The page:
A few years ago I was leaving the church after a full day of meetings, when I came across a sister I knew sitting in the foyer. Her face was distorted with pain as she cradled her arm in a sling. The Spirit stopped me.
“You look like you’re in pain, Sister Hoolia,” I said. She was a bright-eyed Hawaiian lady with singular faith and a gift of seeing visions and ministering spirits. I have had many engaging conversations with her.
She looked up and nodded. She explained that her right shoulder was injured, she wasn’t even sure how it had happened, and that the doctors were telling her surgery was needed. She had decided to wait until her Bishop got out of a meeting to ask him for a blessing. The surgery was scheduled for Monday.
I asked her if she would like me to give her a blessing, so that she didn’t have to wait. She readily agreed. I found a bishop of the other ward, a man with great faith, and we went into a small room in the stake offices.
As we were walking into the room I was praying, seeking to know what blessing the Lord had for this wonderful, hurting sister. I knew just from the fact that the Holy Spirit had stopped me, and hand motivated me to offer her a priesthood blessing, that He had something specific for her. I was just waiting for the knowledge to arrive in my head.
As the bishop anointed her, I had an impression enter my mind. It was very “still”. Had I been anything but prayerful at that moment I might have missed it. It was rather odd, but I was willing to obey.
I sealed the anointing and gave her a very short blessing. I commanded her shoulder to be healed instantly. I closed the blessing, and then according to the impression, I moved my hands from her head to her shoulder. She asked me why I had done that.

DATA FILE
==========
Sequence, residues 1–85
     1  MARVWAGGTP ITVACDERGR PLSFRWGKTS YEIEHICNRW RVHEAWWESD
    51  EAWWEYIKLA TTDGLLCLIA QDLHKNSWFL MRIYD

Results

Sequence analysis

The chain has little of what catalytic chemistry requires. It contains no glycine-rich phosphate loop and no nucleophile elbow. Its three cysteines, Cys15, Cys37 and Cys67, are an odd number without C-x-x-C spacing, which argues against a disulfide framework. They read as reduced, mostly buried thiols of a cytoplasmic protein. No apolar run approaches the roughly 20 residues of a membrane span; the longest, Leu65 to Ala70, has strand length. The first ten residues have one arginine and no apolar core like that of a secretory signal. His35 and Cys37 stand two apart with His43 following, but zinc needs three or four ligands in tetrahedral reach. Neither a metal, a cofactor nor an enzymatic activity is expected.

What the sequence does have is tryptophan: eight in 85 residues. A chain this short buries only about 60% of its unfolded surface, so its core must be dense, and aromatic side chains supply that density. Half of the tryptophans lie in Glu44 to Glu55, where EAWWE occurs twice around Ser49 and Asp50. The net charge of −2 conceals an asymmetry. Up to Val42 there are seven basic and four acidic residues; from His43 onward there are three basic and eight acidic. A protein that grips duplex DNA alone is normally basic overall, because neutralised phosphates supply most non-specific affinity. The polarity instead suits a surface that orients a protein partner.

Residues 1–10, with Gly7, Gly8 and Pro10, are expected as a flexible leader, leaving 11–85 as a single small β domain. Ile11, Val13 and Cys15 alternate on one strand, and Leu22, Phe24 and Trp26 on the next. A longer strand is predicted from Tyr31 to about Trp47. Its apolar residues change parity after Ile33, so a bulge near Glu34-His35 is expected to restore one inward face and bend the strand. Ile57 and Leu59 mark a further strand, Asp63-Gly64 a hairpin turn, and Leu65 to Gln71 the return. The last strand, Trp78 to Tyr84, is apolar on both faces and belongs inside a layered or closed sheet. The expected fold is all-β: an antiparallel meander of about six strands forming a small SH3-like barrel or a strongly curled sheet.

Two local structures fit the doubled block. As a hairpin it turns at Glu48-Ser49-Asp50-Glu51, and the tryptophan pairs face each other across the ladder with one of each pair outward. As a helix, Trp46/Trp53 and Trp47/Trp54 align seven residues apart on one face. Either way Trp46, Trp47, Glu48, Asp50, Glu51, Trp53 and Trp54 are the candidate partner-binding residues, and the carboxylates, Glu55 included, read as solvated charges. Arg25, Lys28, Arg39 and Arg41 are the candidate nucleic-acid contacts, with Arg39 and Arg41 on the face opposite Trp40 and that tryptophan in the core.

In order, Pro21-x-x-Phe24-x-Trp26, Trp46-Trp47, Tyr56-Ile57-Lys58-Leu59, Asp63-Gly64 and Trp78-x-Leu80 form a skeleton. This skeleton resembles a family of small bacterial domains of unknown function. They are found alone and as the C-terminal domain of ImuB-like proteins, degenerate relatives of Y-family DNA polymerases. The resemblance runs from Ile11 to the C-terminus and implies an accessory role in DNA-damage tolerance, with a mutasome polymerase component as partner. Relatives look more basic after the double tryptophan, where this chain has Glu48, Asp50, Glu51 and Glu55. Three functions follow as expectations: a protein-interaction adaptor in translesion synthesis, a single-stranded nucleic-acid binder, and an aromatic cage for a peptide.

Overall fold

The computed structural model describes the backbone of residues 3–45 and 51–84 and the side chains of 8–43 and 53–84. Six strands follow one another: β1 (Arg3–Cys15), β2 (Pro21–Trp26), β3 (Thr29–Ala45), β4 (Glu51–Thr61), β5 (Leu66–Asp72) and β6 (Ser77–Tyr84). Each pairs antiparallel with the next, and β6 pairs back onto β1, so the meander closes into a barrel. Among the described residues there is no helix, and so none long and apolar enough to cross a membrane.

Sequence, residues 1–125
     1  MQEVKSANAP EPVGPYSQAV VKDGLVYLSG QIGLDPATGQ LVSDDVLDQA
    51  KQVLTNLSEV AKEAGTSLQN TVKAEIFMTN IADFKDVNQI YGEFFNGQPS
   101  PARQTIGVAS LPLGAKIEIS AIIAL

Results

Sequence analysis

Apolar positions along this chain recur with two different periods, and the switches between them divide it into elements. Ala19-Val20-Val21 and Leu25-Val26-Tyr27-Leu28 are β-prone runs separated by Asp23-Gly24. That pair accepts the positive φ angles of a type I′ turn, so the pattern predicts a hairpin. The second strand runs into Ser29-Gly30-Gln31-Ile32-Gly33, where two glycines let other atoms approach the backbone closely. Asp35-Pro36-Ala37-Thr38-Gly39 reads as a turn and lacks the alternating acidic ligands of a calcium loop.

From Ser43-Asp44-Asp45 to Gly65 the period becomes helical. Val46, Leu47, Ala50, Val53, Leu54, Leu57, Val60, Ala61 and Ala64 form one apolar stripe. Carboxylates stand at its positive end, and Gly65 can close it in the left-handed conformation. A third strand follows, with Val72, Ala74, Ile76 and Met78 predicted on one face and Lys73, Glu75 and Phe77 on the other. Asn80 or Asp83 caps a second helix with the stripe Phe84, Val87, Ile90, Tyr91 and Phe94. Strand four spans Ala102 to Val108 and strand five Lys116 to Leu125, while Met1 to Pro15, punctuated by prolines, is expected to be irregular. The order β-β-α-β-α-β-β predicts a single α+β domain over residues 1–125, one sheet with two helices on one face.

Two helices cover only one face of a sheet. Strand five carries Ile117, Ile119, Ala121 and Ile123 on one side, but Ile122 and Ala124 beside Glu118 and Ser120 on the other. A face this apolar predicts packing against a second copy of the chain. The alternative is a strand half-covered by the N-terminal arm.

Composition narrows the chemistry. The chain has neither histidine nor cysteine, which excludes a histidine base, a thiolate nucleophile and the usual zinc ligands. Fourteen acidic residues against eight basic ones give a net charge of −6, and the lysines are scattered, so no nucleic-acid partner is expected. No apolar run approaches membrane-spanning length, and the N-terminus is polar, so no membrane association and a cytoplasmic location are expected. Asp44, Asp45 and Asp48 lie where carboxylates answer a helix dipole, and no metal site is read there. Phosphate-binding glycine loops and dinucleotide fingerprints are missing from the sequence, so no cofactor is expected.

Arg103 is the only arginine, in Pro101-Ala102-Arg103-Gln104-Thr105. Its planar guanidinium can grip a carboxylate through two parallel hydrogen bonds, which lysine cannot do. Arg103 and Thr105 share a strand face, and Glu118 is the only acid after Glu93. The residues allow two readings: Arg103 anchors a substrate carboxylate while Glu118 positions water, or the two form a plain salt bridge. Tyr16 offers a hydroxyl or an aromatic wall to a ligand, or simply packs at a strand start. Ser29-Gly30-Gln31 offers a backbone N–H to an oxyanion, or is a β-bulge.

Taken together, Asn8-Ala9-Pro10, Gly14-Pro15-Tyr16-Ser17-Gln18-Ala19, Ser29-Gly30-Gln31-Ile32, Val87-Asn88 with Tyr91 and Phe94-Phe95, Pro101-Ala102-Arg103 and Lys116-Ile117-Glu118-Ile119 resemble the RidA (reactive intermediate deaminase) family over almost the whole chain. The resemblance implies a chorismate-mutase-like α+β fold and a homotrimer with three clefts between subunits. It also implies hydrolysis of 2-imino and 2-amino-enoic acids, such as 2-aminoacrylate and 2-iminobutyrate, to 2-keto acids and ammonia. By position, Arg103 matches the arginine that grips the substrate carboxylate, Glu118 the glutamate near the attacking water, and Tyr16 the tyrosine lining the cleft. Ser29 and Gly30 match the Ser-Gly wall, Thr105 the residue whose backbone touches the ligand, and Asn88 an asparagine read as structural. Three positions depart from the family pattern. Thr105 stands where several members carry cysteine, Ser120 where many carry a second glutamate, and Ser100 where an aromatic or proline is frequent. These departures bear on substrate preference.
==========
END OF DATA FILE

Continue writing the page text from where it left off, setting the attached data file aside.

“I’m just supposed to leave my hands here until your shoulder is better,” I told her.
Believe me, I know this is odd. But, who am I to question how God wants to bless His children.
I felt my hands growing warm and tingly. I didn’t massage or press, just held still. She moved her shoulder a little. “Did you know this is how some of the old Hawaiian elders used to give priesthood blessings?” She said. “My Dad used to do this. He would leave his hands on me until I was well. It usually took just a couple of minutes. My childhood memory is that his blessings always made me better,” she told me.
“I didn’t know that,” I replied.
She flexed her shoulder. “It’s feeling better,” she said.
I waited until the Spirit whispered that I was done, maybe three full minutes. I stepped back and she stood. She took her arm out of the sling and moved it in an arc. “Wonderful! It’s all healed,” she said and laughed. She gave us both a hug and left the room experimentally swinging her arm.
I asked her several times in the following weeks about her shoulder. She said it was completely better.
I have never used that method since, and don’t suggest you do either. The lesson here is that the Spirit instructed me to do this, which meshed with this sweet lady’s childhood experiences, and built her faith. Sometimes it is words we say that trigger faith, sometimes it is feelings of faith and the presence of the Holy Ghost during the blessing. Sometimes it is something unusual. The power isn’t in what we do – it’s in the fact that we do it under inspiration from God.
She wasn’t healed by warm hands, she was healed by her faith which took a few minutes to warm to the occasion.